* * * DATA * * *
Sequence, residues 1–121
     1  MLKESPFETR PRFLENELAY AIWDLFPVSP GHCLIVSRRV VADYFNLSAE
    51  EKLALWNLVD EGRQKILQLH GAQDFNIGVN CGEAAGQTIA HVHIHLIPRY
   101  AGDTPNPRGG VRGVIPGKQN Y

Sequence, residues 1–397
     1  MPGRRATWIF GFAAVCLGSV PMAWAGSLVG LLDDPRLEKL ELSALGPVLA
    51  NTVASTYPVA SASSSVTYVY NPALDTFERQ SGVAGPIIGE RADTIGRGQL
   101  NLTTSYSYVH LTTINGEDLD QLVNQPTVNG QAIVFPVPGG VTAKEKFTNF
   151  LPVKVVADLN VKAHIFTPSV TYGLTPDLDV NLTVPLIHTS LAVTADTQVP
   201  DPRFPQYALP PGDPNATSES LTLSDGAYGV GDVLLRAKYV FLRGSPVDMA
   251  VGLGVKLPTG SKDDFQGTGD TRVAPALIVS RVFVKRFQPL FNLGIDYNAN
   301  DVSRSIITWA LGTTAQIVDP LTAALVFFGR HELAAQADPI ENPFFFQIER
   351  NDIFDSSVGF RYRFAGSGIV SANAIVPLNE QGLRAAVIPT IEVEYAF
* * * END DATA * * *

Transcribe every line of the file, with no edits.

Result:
Sequence, residues 1–121
     1  MLKESPFETR PRFLENELAY AIWDLFPVSP GHCLIVSRRV VADYFNLSAE
    51  EKLALWNLVD EGRQKILQLH GAQDFNIGVN CGEAAGQTIA HVHIHLIPRY
   101  AGDTPNPRGG VRGVIPGKQN Y

Sequence, residues 1–397
     1  MPGRRATWIF GFAAVCLGSV PMAWAGSLVG LLDDPRLEKL ELSALGPVLA
    51  NTVASTYPVA SASSSVTYVY NPALDTFERQ SGVAGPIIGE RADTIGRGQL
   101  NLTTSYSYVH LTTINGEDLD QLVNQPTVNG QAIVFPVPGG VTAKEKFTNF
   151  LPVKVVADLN VKAHIFTPSV TYGLTPDLDV NLTVPLIHTS LAVTADTQVP
   201  DPRFPQYALP PGDPNATSES LTLSDGAYGV GDVLLRAKYV FLRGSPVDMA
   251  VGLGVKLPTG SKDDFQGTGD TRVAPALIVS RVFVKRFQPL FNLGIDYNAN
   301  DVSRSIITWA LGTTAQIVDP LTAALVFFGR HELAAQADPI ENPFFFQIER
   351  NDIFDSSVGF RYRFAGSGIV SANAIVPLNE QGLRAAVIPT IEVEYAF